Monday, March 29, 2010

Executive choices and nonprofit ratings

There has been a lot of discussion recently about the "right ways" to review, rate, measure, and analyze nonprofit organizations. In the aftermath of January's devastating earthquake in Haiti both trade and mainstream blogs and the press were full of recommendations of nonprofits for donors' consideration.

Most of this type of analysis is based - loosely or not - on financial analysts reviews' of companies and industries. They review financial information, performance metrics, measures of social return (these last two being particularly subject to dispute), and others. How to review nonprofits is an emerging specialty, full of (important) methodological disagreement and debate.

Today, I received a press announcement of two new vice presidential appointments at The Foundation Center that made me realize one area that seems particularly weak when it comes to reviewing nonprofits - executive personnel. The Foundation Center announced the appointment of Anjula Duggal as its vice president for marketing and communications. Ms. Duggal's prior experience includes:
"...chief marketing & communications officer of the nonprofit Count Me In. Previously, she served as vice president for marketing & site operations at Retailer Networks Inc., oversaw the day-to-day marketing and operations for, and held marketing positions at both Sony Music and Universal Music. She has led web-based expansion initiatives and e-commerce operations, built online brands, provided business-to-business marketing solutions, and orchestrated small business membership programs."

All of this signals - fairly clearly, in my opinion - a clear commitment by The Foundation Center to get its products and services onto social networks, recognized in online channels, and to seek new, interesting partnerships. This is great news and reflects well on the Center's plans, projections and current leadership.

If nonprofits were really reviewed for competitive advantage the way companies are reviewed by equity analysts, those reviews would dive into executive leadership, transitions, succession plans, and what they say about current and future plans. I don't know if the rating agencies and reviewers are planning to go this way or not, but this announcement from The Foundation Center is the kind of signal we should be seeking from organizations.

FULL DISCLOSURE: I know several board members and executives at The Foundation Center. I do not know Ms. Duggal.


EmilySullins said...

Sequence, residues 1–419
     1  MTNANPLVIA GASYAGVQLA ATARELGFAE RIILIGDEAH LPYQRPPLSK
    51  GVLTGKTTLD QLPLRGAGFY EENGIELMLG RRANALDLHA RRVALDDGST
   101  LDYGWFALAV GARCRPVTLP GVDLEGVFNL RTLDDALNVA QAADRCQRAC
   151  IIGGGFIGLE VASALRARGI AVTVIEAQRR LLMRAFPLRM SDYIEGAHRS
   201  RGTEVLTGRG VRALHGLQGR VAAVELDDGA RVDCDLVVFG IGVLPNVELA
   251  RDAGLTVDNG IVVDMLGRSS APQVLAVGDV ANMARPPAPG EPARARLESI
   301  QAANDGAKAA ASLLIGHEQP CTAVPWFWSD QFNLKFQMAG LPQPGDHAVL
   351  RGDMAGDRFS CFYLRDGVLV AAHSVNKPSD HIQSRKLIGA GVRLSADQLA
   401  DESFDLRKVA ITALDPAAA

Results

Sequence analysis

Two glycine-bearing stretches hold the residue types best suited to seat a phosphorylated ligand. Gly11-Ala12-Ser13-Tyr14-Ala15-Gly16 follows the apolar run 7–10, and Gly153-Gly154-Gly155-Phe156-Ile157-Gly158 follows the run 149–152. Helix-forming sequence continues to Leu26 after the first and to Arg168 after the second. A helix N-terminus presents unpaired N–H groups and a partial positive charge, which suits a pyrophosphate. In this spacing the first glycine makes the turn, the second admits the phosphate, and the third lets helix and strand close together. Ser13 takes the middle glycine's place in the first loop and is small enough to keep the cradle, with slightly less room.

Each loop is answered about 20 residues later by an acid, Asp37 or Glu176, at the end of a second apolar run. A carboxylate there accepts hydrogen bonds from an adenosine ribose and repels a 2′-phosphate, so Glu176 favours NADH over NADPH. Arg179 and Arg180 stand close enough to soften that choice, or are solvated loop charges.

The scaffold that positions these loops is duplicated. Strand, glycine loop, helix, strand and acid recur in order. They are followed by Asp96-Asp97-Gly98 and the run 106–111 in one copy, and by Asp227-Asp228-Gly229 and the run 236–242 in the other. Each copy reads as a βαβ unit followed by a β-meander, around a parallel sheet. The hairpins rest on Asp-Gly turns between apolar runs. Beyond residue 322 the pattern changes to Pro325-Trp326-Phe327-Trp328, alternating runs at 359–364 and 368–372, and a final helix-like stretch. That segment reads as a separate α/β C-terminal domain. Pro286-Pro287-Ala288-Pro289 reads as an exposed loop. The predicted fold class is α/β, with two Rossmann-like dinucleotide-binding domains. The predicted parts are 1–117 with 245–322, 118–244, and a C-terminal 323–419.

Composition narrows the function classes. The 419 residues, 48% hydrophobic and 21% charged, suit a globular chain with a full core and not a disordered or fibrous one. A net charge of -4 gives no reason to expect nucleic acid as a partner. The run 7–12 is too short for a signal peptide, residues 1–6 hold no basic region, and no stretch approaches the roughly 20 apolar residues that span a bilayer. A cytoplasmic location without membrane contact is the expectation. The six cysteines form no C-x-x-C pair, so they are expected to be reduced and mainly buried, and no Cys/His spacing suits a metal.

Brilliant! Without solid succession and transition plans, an organization is only as good as its current leadership. I'd like to see a BBB weight for clear, useful succession planning.

Will Hull said...

I agree with Emily above. However, I would also like to point out that leadership, for the most part, in nonprofits does not change for years on end. After reading Forces for Good: The Six Practices of High-Impact Nonprofits by Leslie Crutchfield and Heather McLeod Grant, I have become wary of nonprofit leadership in their approach to succession planning and sharing leadership. I would come to suspect that this type of performance metric when considered, does not take account for a solid sharing of leadership and employee satisfaction in their own leadership. The board is, for the most part, removed from the day-to-day operations of the organization and will likely rubber stamp the tenure of a given Executive Director or CEO of the organization.

Perhaps, with service organizations, a start in this direction can be made toward gathering qualitative data on the subject of how well the organization is being run by interviewing the recipients of the services.

Great post.


Lucy Bernholz said...

Thanks Will and Emily for writing in. It never ceases to surprise me which part of a post will resonate with folks - The Fdn Center example isn't even about succession, its about new executive leadership and the skills the organization is seeking.

As for succession planning, it would no doubt be tricky to assess for most NPOs, which like most small businesses probably don't have a plan or a plan for a plan, in place.

All this raises an interesting set of questions - what are the best indicators of human capacity and future planning from NPOs - strategic plans? job descriptions? hiring announcements? Board nomination procedures? All of the above?

ANd while we're at it - Twitter is alive with pushback on the analogy of industry/investment analysis. I agree with the critics - its not a great analogy, though it is one that plenty of orgs in the space not only hint at, they claim directly. So what other types of analysis serve as better models for reviewing/rating nonprofits?


Unknown said...

Good post. I just wrote about the need to move beyond ratings -- to assess the larger needs (in society, in the sector) and consider all at the same time.

Mazarine said...

We shouldn't fetishize metrics, it's true, but nor should we try to close our eyes to the reality of BAD LEADERSHIP, which is an epidemic in the nonprofit field.

Succession planning, while important, is like many "bylaws" in nonprofits, ignored when it is convenient.

Making a rating system is nice, but popular opinion is not as well informed as the staff of a nonprofit.

The responsibility must fall on us, the nonprofit workers, to form unions which will help us demand accountability from our nonprofit leaders. Only then will the CEO and board see any reason to change a system which mostly benefits them.